28 April 2022
Organic Cumin sources
Organic Cumin has been extremely hard to come by during the past year, however we have been working hard to secure new, reliable sources.
Cuminum cyminum is a flowering plant in the Apiaceae family, along with Parsley, Caraway and Dill. Native to a broad territory from the Middle East to India, Cuminum cyminum is an annual herb, with a slender stem, 20–30cm tall, showing long, needle-like leaves and small white or pink flowers.
Cumin seeds have been used, both whole and ground, for thousands of years as an aromatic spice. Cuminum cyminum is today cultivated across the Indian subcontinent, northern Africa, Mexico, Chile and China, and is widely adopted in a broad range of spicy recipes – for example curries and chilli – as well as in pickles and some pastries.
Cumin seeds are aromatic (especially when toasted), earthy and spicy, with a slight bitter sweetness that works well in blends and mixes with Cinnamon and Coriander.
The seeds have long been associated with good health, and are rich in antioxidants, are a good source of iron and contain both vitamin C and vitamin A.
As anyone following the situation will be aware, organic Cumin has been extremely difficult to come by over the past year, largely down to challenges with PA (Pyrrolizidine alkaloids) levels. Pyrrolizidine alkaloids are naturally occurring alkaloids based on the structure of pyrrolizidine. Pyrrolizidine alkaloids are produced by plants as a defense mechanism against insect herbivores. They are found frequently in plants in the Boraginaceae, Asteraceae, Orchidaceae and Fabaceae families; less frequently in the Convolvulaceae and Poaceae, and in at least one species in the Lamiaceae. It has been estimated that 3% of the world’s flowering plants contain pyrrolizidine alkaloids. Honey can contain pyrrolizidine alkaloids, as can grains, milk, offal and eggs. Of concern is the health risk associated with the use of medicinal herbs that contain PAs, notably Borage leaf, Comfrey and Coltsfoot in the West, and some Chinese medicinal herbs.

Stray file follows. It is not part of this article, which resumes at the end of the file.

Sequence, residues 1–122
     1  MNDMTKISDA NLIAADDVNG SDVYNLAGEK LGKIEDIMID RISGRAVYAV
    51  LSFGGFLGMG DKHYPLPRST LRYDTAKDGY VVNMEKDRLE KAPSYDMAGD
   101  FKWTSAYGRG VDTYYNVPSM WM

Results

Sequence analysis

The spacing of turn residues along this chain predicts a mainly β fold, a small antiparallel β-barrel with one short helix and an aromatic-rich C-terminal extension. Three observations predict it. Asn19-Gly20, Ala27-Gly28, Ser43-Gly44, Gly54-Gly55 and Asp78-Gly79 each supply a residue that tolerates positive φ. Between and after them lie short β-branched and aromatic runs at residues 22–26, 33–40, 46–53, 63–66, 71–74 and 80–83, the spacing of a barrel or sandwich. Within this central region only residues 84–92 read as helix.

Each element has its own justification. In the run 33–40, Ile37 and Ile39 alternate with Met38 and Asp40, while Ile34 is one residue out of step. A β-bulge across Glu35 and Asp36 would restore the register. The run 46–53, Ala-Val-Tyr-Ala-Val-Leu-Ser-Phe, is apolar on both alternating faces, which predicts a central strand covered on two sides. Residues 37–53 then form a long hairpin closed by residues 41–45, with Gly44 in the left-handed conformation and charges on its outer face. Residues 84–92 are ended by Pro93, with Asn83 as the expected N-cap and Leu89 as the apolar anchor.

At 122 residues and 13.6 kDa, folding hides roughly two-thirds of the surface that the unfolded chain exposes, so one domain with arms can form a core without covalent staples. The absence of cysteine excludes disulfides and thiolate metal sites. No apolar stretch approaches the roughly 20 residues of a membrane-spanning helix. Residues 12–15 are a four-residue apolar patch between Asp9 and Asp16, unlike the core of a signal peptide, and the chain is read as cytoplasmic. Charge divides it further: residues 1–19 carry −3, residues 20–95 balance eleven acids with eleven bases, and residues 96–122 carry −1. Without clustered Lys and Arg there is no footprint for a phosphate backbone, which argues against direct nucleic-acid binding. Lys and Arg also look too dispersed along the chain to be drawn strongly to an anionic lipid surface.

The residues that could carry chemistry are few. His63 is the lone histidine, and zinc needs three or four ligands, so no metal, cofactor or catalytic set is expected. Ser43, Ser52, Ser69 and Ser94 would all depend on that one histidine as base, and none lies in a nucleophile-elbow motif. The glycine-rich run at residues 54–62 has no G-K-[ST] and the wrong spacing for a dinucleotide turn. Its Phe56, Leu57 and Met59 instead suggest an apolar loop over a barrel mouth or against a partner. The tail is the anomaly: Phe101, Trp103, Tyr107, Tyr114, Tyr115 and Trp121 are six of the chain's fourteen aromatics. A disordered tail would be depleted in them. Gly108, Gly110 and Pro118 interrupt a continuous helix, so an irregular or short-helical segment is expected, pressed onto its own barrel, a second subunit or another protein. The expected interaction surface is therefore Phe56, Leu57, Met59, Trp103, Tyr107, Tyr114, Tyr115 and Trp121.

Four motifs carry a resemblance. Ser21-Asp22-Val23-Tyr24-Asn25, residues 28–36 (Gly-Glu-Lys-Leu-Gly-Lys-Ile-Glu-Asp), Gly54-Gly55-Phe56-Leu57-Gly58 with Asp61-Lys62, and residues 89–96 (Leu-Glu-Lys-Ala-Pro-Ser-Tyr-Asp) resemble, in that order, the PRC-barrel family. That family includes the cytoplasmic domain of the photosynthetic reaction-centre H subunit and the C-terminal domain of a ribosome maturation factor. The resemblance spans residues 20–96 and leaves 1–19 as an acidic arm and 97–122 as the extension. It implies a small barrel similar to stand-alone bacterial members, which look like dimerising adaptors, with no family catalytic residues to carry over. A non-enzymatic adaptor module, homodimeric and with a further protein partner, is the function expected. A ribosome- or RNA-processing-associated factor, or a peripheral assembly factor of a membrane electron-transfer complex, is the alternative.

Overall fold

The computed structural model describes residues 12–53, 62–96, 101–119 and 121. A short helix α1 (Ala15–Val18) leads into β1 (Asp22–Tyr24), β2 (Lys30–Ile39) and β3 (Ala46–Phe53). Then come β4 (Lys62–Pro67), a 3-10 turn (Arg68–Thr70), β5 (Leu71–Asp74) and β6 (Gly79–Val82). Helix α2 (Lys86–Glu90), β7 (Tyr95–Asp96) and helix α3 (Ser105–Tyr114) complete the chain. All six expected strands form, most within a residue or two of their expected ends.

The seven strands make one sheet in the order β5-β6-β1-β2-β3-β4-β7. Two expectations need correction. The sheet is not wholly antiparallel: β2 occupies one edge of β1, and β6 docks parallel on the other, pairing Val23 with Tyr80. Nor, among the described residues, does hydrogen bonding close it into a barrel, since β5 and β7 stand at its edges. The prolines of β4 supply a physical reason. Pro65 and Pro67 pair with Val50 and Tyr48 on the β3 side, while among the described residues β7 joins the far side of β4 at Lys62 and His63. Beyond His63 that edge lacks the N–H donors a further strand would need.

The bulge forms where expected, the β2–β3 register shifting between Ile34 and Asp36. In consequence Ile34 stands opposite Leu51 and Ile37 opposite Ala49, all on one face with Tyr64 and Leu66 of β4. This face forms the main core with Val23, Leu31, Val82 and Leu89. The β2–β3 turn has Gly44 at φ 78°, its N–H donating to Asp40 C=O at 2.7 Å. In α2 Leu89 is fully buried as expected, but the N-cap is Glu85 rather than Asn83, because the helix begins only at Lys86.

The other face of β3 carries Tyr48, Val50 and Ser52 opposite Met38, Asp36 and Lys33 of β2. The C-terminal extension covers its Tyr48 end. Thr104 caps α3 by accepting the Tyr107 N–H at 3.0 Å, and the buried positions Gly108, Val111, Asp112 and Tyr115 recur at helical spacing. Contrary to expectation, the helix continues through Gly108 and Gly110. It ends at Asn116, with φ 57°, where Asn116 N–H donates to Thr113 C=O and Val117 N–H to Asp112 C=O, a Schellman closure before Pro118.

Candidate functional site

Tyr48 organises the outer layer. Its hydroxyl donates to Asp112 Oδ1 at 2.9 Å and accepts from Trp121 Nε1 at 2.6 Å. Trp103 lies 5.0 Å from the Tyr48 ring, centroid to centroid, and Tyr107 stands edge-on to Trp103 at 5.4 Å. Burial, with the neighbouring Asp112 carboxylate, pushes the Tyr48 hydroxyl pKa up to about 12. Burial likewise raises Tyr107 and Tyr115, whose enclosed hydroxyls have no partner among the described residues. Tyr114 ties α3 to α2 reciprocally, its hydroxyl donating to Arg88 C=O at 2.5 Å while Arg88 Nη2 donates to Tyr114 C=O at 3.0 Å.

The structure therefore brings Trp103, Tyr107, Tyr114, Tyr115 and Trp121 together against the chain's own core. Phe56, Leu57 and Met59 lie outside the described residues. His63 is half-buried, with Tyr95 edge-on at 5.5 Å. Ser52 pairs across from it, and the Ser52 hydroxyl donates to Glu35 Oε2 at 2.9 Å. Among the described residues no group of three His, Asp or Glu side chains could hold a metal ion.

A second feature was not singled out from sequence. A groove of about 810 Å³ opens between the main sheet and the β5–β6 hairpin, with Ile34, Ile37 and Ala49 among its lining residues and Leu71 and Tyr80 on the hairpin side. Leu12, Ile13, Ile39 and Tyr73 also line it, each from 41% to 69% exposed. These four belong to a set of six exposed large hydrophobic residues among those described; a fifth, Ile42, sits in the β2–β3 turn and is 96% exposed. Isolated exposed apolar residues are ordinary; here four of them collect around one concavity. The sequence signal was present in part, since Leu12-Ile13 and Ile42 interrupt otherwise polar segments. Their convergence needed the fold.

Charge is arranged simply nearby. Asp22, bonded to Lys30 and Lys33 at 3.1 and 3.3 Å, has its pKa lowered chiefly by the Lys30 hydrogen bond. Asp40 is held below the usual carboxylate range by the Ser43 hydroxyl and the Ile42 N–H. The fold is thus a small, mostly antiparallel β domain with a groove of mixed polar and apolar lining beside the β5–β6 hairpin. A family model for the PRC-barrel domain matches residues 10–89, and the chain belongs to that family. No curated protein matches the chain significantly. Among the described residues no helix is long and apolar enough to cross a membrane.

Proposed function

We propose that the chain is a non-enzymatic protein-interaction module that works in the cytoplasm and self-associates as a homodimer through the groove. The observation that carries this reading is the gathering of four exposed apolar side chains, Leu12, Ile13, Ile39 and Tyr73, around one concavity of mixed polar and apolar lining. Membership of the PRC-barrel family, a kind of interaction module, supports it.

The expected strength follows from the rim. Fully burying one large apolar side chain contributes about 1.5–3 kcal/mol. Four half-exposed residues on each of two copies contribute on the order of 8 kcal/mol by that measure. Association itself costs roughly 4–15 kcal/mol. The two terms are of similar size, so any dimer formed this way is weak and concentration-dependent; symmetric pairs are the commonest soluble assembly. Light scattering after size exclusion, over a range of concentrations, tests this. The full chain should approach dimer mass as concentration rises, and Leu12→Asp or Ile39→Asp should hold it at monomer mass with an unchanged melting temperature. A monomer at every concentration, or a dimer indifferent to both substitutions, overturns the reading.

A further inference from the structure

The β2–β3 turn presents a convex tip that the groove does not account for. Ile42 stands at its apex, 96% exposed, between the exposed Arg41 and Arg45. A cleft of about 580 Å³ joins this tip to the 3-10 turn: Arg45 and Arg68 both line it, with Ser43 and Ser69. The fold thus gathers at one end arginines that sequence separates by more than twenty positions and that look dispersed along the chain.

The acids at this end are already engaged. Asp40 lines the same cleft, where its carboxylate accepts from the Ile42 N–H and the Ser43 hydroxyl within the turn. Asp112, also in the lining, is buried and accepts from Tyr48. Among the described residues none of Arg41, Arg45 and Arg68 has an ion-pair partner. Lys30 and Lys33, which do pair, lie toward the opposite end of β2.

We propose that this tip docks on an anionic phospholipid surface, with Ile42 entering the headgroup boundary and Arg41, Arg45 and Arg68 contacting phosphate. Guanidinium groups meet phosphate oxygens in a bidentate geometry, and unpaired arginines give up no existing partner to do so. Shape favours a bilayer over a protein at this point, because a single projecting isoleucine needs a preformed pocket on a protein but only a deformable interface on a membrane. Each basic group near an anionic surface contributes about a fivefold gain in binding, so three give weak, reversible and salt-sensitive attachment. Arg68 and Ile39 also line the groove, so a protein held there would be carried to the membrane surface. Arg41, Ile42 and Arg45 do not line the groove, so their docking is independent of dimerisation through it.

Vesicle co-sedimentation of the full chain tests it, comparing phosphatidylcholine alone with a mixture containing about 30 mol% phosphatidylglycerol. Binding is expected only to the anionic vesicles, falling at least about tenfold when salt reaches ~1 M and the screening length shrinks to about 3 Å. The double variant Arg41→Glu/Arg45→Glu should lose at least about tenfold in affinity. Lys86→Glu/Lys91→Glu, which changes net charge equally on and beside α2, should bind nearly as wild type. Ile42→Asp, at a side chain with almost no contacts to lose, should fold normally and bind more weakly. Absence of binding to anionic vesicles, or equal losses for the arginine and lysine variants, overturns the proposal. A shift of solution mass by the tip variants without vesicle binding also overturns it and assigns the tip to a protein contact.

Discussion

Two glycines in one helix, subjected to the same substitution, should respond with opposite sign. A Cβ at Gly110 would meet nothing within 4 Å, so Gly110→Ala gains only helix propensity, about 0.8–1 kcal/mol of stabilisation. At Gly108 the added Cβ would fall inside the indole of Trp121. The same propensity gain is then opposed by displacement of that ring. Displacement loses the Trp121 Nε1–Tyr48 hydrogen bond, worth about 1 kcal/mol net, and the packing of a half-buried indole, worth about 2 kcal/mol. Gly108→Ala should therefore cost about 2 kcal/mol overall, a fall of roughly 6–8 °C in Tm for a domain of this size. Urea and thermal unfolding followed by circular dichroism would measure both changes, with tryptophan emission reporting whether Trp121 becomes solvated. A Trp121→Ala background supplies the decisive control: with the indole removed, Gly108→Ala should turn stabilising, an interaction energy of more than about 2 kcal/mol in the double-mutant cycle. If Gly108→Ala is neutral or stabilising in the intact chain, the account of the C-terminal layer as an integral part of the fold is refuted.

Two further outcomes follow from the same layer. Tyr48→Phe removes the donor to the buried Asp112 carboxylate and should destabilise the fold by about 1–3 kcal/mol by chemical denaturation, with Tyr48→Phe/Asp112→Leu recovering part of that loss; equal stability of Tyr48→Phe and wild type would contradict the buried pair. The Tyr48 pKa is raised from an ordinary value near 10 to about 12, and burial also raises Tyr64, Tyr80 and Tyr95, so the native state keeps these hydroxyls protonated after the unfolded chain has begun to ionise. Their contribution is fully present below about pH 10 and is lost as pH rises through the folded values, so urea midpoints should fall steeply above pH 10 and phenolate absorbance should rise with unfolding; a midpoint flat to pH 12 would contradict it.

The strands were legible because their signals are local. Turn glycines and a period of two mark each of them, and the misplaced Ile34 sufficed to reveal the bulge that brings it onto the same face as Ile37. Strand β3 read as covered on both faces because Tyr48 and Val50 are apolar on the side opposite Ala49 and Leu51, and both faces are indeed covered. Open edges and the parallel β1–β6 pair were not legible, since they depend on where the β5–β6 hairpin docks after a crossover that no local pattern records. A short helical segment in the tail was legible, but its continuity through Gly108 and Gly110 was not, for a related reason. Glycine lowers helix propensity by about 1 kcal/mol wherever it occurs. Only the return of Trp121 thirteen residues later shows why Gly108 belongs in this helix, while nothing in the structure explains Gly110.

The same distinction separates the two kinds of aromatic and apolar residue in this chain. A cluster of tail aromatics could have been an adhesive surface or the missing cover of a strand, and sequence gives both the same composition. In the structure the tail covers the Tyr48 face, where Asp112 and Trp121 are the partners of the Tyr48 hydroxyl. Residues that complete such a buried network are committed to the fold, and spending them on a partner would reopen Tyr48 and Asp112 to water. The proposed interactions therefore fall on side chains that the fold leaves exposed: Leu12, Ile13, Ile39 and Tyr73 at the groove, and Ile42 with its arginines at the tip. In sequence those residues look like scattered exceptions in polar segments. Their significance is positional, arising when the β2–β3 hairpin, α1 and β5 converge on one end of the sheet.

Although Cumin does not contain naturally occurring PAs, challenges can arise when crops becoming cross-contaminated by other nearby plant species - for example weeds containing PAs may end up being mixed into harvested crops if they are not removed at the right time.
In order to resolve the supply challenges, we have worked closely with suppliers at source who have highly skilled agriculture engineers in their teams who know the issues well and work closely with their farmers to prevent issues. Once crops are harvested, they are subject to rigorous testing to ensure they are suitable for organic sale, as well as ensuring that they meet our organoleptic standards.
We are now pleased to confirm that we have identified reliable sources of high quality organic Cumin seed and powder - please get in touch with us to discuss future contract requirements for this product.